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The Wrack

The Wrack is the Wells Reserve blog, our collective logbook on the web.

Communicate with Impact part II

Posted by | March 17, 2016

Recently the Coastal Training Program hosted a webinar series on environmental communication by Water Words that Work. Space was limited and several of you asked for materials and resources. View part I here.

The Environmental Message Method

Step 1: Begin with behavior

Watch these two videos and compare their style.

The first video provides awareness about an issue but doesn't leave the viewer with any solutions. The second video provides multiple actions or behavior changes the viewer can make.

When crafting your communication plan determine what behavior change you would like to see. Some questions to consider: Why do you want your audience to do it? Why would they want to do it? Why would their peers approve or disapprove of them doing it?

Step 2: Use Foolproof Photos

It's all about having good pictures  this is the first thing people will notice about your message and the last thing they will forget. There are three types of good photos (that I've gleaned from our website):

1. Faces

Here's a great photo of June Ficker (more about June here).


2. Actions

(Would you like to volunteer with us?)


3. Before and After

(Learn more about our restoration work here.)

before and after

Need photos? Try these websites: and; always make sure you've got permission to use a photo.

Step 3: Swap the Shoptalk

Instead of trying to teach people new words, replace them with words that can be understood and remembered. Some examples include replacing watershed management with land and water conservation; stormwater with polluted runoff; and water quality with clean water. View more recommended word-swaps here.

After someone reads your message they should be able to say it was clear, it was prepared for someone like them, and they can explain it to someone else.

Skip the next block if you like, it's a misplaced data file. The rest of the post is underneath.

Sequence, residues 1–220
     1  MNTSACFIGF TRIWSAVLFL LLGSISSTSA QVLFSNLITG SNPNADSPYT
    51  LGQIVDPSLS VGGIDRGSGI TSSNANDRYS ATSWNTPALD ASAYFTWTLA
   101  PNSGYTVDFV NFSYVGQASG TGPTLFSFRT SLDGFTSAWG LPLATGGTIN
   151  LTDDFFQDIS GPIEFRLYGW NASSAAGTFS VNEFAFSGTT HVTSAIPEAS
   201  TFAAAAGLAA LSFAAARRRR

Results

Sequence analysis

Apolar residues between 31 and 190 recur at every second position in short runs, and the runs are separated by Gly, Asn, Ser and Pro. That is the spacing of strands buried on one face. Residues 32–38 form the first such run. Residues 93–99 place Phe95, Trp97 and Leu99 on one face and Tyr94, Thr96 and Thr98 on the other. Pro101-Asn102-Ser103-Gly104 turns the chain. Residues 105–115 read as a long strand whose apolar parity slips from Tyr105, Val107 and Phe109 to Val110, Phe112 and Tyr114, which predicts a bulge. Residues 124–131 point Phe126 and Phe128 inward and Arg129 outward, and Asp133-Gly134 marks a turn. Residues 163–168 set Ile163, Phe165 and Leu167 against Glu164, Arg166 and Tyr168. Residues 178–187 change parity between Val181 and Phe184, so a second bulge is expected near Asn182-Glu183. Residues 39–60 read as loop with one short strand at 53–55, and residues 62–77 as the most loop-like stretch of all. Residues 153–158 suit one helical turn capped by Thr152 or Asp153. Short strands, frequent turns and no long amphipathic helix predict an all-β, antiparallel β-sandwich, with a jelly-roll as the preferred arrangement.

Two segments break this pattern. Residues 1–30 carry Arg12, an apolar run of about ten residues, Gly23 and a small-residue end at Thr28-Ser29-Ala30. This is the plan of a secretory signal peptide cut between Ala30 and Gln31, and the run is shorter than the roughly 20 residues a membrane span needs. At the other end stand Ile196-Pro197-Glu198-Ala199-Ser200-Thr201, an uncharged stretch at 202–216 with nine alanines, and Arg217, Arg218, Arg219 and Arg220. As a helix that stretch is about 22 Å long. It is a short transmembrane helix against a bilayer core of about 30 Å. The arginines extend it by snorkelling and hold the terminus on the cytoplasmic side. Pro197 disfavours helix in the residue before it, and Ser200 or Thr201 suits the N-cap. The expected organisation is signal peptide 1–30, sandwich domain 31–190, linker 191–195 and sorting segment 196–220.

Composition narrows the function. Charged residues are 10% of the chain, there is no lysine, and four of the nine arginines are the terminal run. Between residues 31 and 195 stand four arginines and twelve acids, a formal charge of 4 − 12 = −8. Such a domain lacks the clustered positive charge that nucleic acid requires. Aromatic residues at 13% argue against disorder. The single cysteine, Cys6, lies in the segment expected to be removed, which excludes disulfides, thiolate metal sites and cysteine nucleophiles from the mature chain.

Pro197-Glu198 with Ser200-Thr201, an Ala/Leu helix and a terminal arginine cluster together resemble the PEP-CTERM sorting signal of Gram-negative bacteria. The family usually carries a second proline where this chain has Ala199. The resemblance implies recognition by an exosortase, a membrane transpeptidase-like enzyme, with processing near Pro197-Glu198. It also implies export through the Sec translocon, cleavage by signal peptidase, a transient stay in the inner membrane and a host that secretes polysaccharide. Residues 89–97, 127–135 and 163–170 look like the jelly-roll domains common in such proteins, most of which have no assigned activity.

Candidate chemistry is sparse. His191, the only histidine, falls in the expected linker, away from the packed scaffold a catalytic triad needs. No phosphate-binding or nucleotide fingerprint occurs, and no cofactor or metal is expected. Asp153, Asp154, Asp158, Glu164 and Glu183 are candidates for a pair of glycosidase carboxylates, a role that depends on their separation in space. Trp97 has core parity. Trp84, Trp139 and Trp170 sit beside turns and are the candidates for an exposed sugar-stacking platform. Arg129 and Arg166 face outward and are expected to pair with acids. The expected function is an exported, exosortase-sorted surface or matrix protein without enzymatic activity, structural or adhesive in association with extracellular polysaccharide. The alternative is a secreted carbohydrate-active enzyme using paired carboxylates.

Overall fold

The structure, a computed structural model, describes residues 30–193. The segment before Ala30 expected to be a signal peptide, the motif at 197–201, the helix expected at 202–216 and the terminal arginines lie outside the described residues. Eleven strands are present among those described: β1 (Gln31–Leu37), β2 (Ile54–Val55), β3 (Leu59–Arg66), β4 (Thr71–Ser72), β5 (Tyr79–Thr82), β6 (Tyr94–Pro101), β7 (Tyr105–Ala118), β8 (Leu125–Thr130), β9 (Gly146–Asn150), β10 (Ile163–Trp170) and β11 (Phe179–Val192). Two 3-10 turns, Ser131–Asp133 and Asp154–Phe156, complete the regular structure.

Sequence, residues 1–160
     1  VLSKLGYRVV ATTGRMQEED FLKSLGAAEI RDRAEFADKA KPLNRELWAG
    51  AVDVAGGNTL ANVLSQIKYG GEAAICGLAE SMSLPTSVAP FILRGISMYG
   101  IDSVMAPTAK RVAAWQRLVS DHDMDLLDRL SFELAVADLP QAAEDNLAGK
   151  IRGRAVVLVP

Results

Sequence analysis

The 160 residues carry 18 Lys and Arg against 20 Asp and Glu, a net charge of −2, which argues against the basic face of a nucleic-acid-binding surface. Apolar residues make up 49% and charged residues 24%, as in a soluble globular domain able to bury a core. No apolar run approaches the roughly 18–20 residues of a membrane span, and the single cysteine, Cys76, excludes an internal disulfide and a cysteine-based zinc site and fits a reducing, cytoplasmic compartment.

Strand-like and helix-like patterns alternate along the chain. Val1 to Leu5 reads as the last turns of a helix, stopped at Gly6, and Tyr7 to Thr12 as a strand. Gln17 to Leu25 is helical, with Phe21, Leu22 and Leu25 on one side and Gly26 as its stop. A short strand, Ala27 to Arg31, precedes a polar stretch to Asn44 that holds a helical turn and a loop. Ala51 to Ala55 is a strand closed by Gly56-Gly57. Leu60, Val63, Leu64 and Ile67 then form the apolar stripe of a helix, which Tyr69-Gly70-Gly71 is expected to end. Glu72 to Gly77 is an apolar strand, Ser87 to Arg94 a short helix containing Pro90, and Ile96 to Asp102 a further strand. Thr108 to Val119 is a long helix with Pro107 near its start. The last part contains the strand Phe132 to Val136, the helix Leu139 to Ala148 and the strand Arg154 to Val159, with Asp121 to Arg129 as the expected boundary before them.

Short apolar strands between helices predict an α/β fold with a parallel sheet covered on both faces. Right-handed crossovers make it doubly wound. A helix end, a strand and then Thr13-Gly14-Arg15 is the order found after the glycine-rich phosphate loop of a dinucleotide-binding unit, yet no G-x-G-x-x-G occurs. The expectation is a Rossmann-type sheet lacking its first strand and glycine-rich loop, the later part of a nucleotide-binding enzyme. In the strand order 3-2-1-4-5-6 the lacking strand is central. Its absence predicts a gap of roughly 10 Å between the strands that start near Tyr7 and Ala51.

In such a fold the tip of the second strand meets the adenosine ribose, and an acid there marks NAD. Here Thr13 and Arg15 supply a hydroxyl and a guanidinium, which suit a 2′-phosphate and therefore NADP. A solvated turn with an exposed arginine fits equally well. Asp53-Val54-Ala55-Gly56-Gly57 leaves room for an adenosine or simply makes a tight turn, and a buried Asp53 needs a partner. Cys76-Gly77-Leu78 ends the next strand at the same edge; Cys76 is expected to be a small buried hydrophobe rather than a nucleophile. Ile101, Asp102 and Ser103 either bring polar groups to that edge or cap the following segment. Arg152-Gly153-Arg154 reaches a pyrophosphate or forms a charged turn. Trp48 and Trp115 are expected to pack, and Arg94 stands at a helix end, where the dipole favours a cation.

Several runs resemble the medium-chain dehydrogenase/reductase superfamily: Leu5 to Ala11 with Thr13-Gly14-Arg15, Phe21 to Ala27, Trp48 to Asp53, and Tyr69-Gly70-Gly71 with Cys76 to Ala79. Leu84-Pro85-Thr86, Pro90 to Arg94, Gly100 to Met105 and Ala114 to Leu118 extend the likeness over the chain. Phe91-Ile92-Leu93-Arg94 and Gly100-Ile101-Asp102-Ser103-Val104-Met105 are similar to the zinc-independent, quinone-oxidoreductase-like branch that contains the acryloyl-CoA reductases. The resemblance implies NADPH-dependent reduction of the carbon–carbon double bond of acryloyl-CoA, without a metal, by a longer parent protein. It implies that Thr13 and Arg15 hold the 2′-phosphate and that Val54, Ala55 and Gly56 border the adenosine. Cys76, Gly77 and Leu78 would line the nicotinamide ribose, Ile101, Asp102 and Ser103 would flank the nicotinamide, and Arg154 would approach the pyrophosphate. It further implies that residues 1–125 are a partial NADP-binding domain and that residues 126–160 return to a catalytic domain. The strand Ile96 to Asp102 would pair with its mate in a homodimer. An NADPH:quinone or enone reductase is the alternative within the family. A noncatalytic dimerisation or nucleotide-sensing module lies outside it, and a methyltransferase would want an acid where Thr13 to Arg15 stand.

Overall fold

Step 4: Insert the Words that Work

Use words that everyday citizens understand! Use words that connect your work to their lives. Use words that inspire them that they can make a difference. View a list of words that work?here.

Step 5: Use Testimonials

Testimonials coming from someone your target audience can identify with is a great way to get your message out. Read a testimonial from one of our research interns here and learn more about writing a testimonial here.

Step 6: Review Readability

One way to check that your writing isn't going over someone's head is to get a readability score. Just Google Readability and several websites will come up and give you a score for free. More on readability here.

I tested our website. Here's an example of readable (The Table Manners of Spittle Bugs) with a score of 64 versus not-so readable (A Larval Fish Update) with a score of 44. But, hey, it's hard to be readable when your organization has the word estuarine in it!

Ready, Set, Make A Plan and Go!

  • Plan what you are going to say before you say it
  • Plan what you are going to write before you write it
  • Plan what pictures you need before you gather them
  • Plan all of this with your target audience in mind

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